Risk factors for gallstones Women twice as likely to develop stones High cholesterol in bile High cholesterol intake Obesity Multiparity Use of oral contraceptives or estrogen supplements Hemolytic anemia Alcoholic cirrhosis Biliary tract infection
Obstruction of a duct by a large calculi severe pain,nausea and vomiting,jaundice,
Prehepatic jaundice Result of excessive destruction of red blood cells Characteristic of hemolytic anemias or transfusion reactions. Unconjugated bilirubin elevated
Intrahepatic jaundice Occurs with disease or damage to hepatocytes Hepatitis or cirrhosis Both unconjugated and conjugated bilirubin may be elevated
Posthepatic jaundice Caused by obstruction of bile flow into gallbladder or duodenum Tumor, cholelithiasis Increased conjugated bilirubin Light-colored stool due to absence of bile
Viral hepititis Cell injury results in inflammation and necrosis in the live. Liver is edematous and tender. Causative viruses Hepatitis A virus (HAV) Hepatitis B virus (HBV) Hepatitis C virus (HCV) Hepatitis D virus (HDV) Hepatitis E virus (HEV)
Hepititis A Small RNA virus,Infectious hepatitis,Transmitted by fecal-oral route in areas of inadequate sanitation or hygiene,contaminated H20 or shellfish,anal sex,Acute self-limiting,No carrier or chronic state Fecal shedding before signs,Vaccine available
Hepititis B Partially double-stranded DNA virus, Over 50% of HIV-positive, 50% of cases are asymptomatic but contagious due to carrier state.Chronic inflammation, Transmission by infected blood,Sexual transmission,Tattooing and body piercing, Vaccine
Hepititis C Single-stranded RNA virus Most common type transmitted by blood transfusion May exist in a carrier state About half the cases enter the chronic state. Increases risk of hepatocellular carcinoma Treated with interferon injections
Hepititis D Also called delta virus Incomplete RNA virus Requires HBV to replicate and produce active infection HDV infection increases severity of HBV infection Transmitted by blood
Hepititis E Single-stranded RNA virus Transmitted by oral-fecal route No chronic or carrier state
Preicteric stage of hepititis Fatigue and malaise Anorexia and nausea General muscle aching
Icteric stage of hepititis Onset of jaundice Stools light in color, urine becomes darker Liver tender and enlarged, mild aching pain
Posticteric stage of hepititis Reductions in signs Weakness persists for weeks
Treatment of heptititis Only body defense is formation of antibodies via vaccination,Chronic hepatitis can be treated with interferon
Toxic or Nonviral Hepatitis hepatotoxins can cause inflammation and necrosis of the liver.Drugs include Acetaminophen,halothane,phenothiazines, tetracycline,Chemicals include Carbon tetrachloride,toluene,ethanol,Direct effect of toxins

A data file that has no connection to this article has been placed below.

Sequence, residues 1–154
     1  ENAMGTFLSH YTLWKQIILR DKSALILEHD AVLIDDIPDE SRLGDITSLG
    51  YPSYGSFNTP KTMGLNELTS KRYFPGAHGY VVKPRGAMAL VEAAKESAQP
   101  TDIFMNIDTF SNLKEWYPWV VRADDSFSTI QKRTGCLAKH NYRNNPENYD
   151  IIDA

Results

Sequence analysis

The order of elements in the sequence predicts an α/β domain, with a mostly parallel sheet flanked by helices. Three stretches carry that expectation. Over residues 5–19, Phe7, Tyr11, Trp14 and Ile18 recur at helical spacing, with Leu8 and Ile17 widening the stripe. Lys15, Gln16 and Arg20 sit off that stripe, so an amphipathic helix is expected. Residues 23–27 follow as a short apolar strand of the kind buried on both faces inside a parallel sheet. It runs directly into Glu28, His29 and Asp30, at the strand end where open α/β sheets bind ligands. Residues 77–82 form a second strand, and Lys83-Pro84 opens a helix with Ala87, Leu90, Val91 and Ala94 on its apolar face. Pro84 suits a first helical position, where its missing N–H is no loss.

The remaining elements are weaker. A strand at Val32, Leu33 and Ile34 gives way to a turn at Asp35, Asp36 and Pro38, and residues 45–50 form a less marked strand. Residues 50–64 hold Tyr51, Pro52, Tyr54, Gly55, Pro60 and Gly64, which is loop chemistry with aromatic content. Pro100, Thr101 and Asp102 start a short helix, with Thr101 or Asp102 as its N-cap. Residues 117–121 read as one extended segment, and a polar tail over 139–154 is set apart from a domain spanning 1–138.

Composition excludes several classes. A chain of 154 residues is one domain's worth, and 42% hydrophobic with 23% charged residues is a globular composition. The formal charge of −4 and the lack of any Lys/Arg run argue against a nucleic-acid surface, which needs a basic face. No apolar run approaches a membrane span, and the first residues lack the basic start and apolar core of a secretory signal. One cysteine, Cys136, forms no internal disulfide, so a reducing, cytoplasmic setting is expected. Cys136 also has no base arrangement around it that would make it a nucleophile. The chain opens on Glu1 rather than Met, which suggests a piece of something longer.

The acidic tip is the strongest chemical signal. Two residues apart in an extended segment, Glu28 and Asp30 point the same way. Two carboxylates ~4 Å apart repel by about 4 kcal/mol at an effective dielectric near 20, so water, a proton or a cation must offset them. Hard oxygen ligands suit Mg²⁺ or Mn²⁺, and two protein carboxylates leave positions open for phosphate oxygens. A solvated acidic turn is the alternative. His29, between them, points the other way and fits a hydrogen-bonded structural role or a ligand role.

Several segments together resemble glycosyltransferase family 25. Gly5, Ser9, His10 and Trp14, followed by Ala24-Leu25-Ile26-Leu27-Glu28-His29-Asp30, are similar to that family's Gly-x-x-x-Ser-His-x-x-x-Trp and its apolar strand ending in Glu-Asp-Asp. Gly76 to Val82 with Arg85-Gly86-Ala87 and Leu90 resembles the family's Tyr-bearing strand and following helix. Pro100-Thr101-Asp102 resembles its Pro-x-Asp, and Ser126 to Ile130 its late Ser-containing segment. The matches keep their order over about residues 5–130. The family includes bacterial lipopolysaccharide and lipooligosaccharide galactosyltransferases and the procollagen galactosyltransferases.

Cirrhosis Progressive destruction of the liver caused by Alcoholic liver disease.Extensive diffuse fibrosis,Interferes with blood supply,Bile backup. Loss of lobular organization,Degenerative changes asymptomatic until advanced.Liver biopsy and serologic test
Biliary cirrhosis Associated with immune disorders
Postnecrotic cirrhosis Linked with chronic hepatitis or long-term exposure to toxic materials
Metabolic cirrhosis Usually caused by genetic metabolic storage disorders
Initial stage of cirrhosis – fatty liver Enlargement of the liver Asymptomatic and reversible with reduced alcohol intake
Second stage of cirrhosis – alcoholic hepatitis Inflammation and cell necrosis Fibrous tissue formation – irreversible change
Third stage – end-stage cirrhosis Fibrotic tissue replaces normal tissue. Little normal function remains.
Functional Losses with Cirrhosis Decreased removal and conjugation of bilirubin,production of bile,Impaired digestion/absorption of nutrients, Decreased blood-clotting factors,Impaired glucose/glycogen metabolism,conversion of ammonia to urea ,inactivation of hormones/drugs and toxins
Manifestations of cirrhosis Initial often mild;Fatigue, anorexia,weight loss,anemia,diarrhea,Dull aching pain in upper right quad, Advanced cirrhosis;Ascites/peripheral edema Increased bruising,Esophageal varices May rupture,hemorrhage,circulatory shock Jaundice,encephalopathy
Cirrhosis – Treatment Avoidance of alcohol or specific cause Supportive or symptomatic treatment Dietary restrictions Balancing serum electrolytes Paracentesis Antibiotics to reduce intestinal flora Emergency treatment if esophageal varices rupture Liver transplant
Hepatocellular carcinoma Most common primary tumor of liver More common in cirrhotic livers
Secondary or metastatic cancer Arises from areas served by the hepatic vein or spread along the peritoneal membranes
Acute Pancreatitis Inflammation of the pancreas Results in autodigestion of the tissue May be acute or chronic,Pancreas lacks a fibrous capsule
Etiology of Acute Pancreatitis Gallstones Alcohol abuse Sudden onset may follow intake of a large meal or a large amount of alcohol